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Ancient 'clingfilm' preserves fossils

Why are some fossils preserved so beautifully? Dr Jan Zalasiewicz of the University of Leicester Department of Geology believes it is because they were wrapped in a sort of clingfilm, hundreds of millions of years ago. He, together with Helen Jones, a Leicester undergraduate and Professor Barrie Rickards of Cambridge University, have been puzzling over why some graptolites - extinct, ocean-going animals – are so curiously preserved.
These particular graptolites are cone-shaped open spirals. Bury them in sea floor muds and they should fill with mud. Yet many remained empty of mud when they were squashed flat, as if these fossils had been wrapped in clingfilm before they were buried. Dr Zalasiewicz and his co-workers believe that this ancient ‘clingfilm’ was a combination of microbial films and jelly-like particles of ‘marine snow’ which fell from the ocean surface to a deep sea floor. The fossils would have been enveloped in this stuff, which prevented mud and silt from penetrating into their interiors.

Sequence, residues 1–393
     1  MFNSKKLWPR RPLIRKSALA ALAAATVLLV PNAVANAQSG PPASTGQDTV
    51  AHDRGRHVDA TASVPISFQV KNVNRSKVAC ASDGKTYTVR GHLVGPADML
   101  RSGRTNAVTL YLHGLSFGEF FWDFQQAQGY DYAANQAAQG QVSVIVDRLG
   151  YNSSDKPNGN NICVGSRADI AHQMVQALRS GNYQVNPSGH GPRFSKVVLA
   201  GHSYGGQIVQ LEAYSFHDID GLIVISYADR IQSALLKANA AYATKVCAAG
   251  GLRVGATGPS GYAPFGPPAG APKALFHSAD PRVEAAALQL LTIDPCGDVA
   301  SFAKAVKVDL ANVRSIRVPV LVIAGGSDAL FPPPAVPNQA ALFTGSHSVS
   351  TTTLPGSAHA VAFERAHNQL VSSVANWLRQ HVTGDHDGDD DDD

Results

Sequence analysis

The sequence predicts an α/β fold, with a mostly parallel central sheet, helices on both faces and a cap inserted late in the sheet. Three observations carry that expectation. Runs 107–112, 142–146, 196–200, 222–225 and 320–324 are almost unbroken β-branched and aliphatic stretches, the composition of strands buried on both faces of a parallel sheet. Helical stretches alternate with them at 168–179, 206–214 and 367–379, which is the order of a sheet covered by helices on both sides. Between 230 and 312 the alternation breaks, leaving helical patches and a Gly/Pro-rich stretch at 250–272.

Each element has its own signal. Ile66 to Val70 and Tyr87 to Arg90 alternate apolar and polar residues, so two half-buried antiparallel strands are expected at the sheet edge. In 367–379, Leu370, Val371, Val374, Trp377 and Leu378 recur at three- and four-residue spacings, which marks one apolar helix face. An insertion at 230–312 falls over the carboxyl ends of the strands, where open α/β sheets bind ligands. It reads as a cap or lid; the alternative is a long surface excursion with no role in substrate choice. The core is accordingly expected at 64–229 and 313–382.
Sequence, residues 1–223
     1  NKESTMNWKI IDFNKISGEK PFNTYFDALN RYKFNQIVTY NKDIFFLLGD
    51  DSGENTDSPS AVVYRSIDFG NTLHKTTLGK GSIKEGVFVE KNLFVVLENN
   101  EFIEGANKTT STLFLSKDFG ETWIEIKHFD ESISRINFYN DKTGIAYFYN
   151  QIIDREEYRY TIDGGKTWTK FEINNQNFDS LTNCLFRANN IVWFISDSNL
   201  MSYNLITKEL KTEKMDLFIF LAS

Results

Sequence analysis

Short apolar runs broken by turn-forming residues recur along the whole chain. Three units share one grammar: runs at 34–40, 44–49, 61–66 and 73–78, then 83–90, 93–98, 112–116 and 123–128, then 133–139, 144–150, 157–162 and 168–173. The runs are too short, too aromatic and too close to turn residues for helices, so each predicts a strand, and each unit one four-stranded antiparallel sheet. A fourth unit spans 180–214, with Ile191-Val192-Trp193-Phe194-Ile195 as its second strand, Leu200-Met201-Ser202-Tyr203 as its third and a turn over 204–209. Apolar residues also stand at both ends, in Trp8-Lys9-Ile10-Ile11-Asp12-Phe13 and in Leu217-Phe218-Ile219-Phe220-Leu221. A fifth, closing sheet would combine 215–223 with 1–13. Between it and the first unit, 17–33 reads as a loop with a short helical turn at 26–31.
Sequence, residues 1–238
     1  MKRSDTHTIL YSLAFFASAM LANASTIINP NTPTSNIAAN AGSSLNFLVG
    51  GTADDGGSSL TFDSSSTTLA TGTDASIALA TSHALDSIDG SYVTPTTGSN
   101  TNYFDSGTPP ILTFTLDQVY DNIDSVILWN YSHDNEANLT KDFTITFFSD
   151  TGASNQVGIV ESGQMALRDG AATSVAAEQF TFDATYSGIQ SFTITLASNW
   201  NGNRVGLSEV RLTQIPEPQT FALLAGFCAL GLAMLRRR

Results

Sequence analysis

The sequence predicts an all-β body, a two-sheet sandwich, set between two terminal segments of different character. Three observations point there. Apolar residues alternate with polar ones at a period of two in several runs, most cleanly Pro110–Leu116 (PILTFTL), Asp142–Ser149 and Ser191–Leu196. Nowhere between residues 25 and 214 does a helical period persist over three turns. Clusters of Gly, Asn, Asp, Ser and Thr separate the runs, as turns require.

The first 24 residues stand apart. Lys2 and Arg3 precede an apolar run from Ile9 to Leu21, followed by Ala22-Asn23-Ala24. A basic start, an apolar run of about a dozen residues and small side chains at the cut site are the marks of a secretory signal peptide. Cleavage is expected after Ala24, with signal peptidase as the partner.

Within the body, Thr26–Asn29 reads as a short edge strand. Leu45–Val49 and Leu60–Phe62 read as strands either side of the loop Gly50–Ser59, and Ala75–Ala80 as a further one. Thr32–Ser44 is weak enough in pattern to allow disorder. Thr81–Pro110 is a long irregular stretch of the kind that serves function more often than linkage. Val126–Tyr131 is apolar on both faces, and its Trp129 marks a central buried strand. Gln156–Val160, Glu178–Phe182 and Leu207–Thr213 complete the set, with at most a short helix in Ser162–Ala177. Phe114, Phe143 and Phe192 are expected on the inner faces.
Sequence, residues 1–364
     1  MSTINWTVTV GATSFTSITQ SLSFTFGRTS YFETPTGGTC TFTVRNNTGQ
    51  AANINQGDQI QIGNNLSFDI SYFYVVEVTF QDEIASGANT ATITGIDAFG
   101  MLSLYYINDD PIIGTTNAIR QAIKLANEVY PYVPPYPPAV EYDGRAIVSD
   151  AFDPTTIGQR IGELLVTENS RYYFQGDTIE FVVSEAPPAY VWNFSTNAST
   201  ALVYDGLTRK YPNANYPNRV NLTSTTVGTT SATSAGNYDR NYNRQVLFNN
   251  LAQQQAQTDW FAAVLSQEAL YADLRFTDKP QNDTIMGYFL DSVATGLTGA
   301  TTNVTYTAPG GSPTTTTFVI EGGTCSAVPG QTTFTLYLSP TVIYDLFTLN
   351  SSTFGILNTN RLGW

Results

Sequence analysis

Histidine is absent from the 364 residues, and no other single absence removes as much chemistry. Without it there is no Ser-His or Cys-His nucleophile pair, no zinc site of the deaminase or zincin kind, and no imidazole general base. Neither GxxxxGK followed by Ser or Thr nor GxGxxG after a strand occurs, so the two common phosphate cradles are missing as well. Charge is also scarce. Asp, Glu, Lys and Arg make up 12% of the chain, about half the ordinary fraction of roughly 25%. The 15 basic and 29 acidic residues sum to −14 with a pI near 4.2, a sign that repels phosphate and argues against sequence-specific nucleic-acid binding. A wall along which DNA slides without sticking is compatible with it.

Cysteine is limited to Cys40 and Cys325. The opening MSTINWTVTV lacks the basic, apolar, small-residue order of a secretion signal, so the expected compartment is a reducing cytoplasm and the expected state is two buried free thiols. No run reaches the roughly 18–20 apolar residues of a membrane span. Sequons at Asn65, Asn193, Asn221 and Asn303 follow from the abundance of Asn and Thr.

The beautifully-preserved graptolites provide a clue that thick (and probably very smelly) layers of this now-vanished organic matter must have carpeted large areas of sea floors in ancient times. Ocean floors these days are mostly much ‘cleaner’, because such organic gunk quickly decomposes: the nearest comparison in existence today can be found at the stagnant, virtually lifeless bottom of the Black Sea.

This finding will help in the interpretation of other fossils, and may also be of wider significance: for some of the now-vanished ‘clingfilm’ material was likely converted, after millions of years, into oil.


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